The role of comprehensive sex education in the decrease of adolescent pregnancy is significant. Between 1990 and 2008, teenage pregnancy has decreased almost in half (SIECUS, 2009). Taking into consideration that the US has the highest teenage pregnancy rate among all developed states, the significant influence of comprehensive sex education should be constantly emphasized (Weiss, 2012, p. 1). Childbirth at an early age leads to the negative patterns in development of both mother and child, such as poverty due to the inability to provide for the family. Hence, the decrease in child pregnancy leads to the creation of a healthier nation. This idea should be constantly emphasized on all meetings and presented in all arguments. In fact, the decrease in pregnancy rates will have a very positive impact on the economic state of the country.

There is a point to establish a number of test-programs in different educational institutions. It will be essential to take schools with different backgrounds: without any sex education, with abstinence-only sex education classes, and with comprehensive education programs. These schools can be used for a case study research. The result of this research will be presented in order to show the success of the new comprehensive sex education program.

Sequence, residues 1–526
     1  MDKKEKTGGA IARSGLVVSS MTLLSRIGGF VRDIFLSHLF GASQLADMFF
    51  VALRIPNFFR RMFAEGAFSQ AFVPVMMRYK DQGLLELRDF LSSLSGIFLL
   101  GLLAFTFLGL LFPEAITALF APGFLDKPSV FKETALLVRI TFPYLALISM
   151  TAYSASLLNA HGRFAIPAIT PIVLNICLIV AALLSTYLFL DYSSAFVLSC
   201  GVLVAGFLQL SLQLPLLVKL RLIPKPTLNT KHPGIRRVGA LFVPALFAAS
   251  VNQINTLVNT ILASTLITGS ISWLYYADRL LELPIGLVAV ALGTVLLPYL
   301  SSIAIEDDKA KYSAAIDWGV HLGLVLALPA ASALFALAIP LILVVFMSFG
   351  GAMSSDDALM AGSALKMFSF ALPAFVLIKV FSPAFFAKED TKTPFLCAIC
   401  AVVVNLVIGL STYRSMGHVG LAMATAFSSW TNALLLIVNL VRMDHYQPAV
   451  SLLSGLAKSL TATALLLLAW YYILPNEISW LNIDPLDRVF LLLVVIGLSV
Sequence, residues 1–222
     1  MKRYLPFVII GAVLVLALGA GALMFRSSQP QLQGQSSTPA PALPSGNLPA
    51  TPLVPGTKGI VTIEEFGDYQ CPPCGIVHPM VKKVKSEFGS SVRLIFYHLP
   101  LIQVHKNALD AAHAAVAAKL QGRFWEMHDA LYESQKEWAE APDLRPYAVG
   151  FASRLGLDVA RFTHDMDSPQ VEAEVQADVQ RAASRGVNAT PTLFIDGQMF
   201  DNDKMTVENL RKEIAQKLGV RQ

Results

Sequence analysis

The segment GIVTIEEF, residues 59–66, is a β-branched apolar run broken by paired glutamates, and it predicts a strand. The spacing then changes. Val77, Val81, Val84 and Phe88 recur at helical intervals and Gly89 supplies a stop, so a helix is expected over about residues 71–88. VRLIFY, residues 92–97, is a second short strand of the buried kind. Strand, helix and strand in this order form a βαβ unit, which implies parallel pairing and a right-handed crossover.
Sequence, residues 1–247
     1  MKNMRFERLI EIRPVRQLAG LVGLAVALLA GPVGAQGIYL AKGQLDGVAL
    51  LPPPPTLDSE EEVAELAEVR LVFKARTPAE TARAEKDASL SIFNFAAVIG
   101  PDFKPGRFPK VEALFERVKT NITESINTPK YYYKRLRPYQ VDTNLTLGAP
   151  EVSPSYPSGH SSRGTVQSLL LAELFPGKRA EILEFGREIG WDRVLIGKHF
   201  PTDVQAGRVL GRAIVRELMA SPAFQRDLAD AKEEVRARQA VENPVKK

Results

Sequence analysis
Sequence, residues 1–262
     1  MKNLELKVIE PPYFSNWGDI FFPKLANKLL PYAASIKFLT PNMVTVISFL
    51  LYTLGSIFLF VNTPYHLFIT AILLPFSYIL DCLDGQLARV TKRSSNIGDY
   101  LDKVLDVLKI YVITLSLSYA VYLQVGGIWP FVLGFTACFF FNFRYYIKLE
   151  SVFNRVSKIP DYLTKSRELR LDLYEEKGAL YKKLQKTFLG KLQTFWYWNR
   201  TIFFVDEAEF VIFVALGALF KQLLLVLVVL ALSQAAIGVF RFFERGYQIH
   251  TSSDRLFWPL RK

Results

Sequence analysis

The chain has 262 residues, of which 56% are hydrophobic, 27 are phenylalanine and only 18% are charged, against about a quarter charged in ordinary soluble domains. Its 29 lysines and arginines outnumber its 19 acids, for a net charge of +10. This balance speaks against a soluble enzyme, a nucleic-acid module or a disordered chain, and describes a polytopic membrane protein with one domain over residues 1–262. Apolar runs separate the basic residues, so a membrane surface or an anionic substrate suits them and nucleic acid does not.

Scientific studies play a significant role in the implementation of comprehensive sex education programs in the US. The solid results of such research show that in Netherlands, sex education starts in preschool and is an integrated part of the curriculum, which has resulted in teen birthrates six and half times lower than in the US (Weiss, 2012, p. 3). German sex education has also resulted in five times lower teenage abortion rate and six times lower HIV prevalence rate when compared to the US (Weiss, 2012, p. 4). Such comprehensive studies provide solid results that prove the effectiveness of the comprehensive sex program. The case study may provide the same positive basis for further changes in the United States. A small number of schools will set a positive example for others. Although there will be no immediate results, the long-term ones will prove to be worthy.

Educational institutions throughout the country should be invited to participate in informational exchange. Through special panels supported by state and federal governments, educators, and healthcare professionals will be able to share opinions on the issue as well as introduce some successful practices. Moreover, representatives of different stakeholder groups have to be invited in order to discuss the issue of comprehensive sex education from contrasting points of view. Consequently, instead of providing specialists to each school, it will be possible to create an interactive panel for all educators.